Jewel was homeless at the time she got her record deal, but the star is slamming past reports that she was in that situation because she was “fighting for her dream.”

In a new interview with Stereogum, the singer discussed how famous women were treated by the media in the ‘90s and ‘00s, and how she has personally related to that era’s sexism. “My whole career, the slant that the media gave it was through a really, I dare say, patriarchal lens,” she explained.

“You think of my origin story, right? The whole world knows I lived in my car,” she continued. “They think because I was fighting for my dream of music. That is an absolute misrepresentation of what happened. I was living in my car because I wouldn’t have sex with my boss. I refused to be leveraged and he wouldn’t give me my paycheck and I couldn’t pay my rent and I started living in my car and then my car got stolen and I was homeless because of that, because I wouldn’t bang a boss.”

She added that the information was no secret, as she spoke her truth in a number of interviews, but it was often ignored. “They would just write the story, ‘Jewel lived in her car to pursue her music career.’ That’s not why I lived in my car,” she said. “I was not even thinking I would be a musician. I was trying to figure out how to stand up for myself, how to refuse to be leveraged for anything or anyone. It was an act of defiance [sic], it was an act of courage. It cost me a lot, but it won me myself. It won me my humanity. I’m so proud of that decision. It was so funny to see it portrayed as some cute, fluffy little, ‘Aw, she was fighting for her dream.’ I didn’t even have a dream. It’s not what I was doing.”

Back in 2015, Jewel spoke to The Hollywood Reporter about the long, winding path that brought her this far and the sexual harassment she’s had to endure since the very beginning. “The music industry is a very male-dominated business,” she said. “I never slept my way to the top ever. There was never one time I’ve ever compromised anything. I was always willing to walk away…and I think that type of spirit that you bring just informs everybody that’s around you. You know, I’ve heard plenty of stories that the opposite happens.”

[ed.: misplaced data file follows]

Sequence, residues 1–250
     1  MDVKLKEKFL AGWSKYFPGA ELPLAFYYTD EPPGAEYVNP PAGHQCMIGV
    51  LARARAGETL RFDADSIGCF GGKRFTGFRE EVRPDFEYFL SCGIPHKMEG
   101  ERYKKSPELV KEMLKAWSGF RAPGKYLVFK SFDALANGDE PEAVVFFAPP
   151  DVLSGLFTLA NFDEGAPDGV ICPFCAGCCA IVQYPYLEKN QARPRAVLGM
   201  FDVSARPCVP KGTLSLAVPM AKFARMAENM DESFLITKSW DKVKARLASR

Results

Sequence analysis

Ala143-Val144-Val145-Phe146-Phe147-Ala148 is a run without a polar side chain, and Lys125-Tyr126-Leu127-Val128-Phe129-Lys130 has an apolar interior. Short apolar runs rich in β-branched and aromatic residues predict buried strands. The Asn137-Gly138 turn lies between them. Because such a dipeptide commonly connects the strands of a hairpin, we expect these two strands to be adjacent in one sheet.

“I’ve had men hitting on me sadly since I was really young,” she continued. “At eight, I had men putting dimes in my hands saying, ‘Call me. It’d be so great to f— when you’re older.’ And just horrible stuff.”

Jewel says that traumatic experience early in life helped prepare her for the sexual harassment she’d have to endure in the wake of her big break at 18, when she signed with Atlantic Records. “In the music business, it ended up serving me very well. I learned to keep my energy to myself where there’s nothing about me that seemed approachable. And as men did approach me, I got very good at handling men in a way that sort of didn’t anger them … and at the same time using wit and usually humor to defuse the situation and to inform them, ‘P.S. Not available that way.’”

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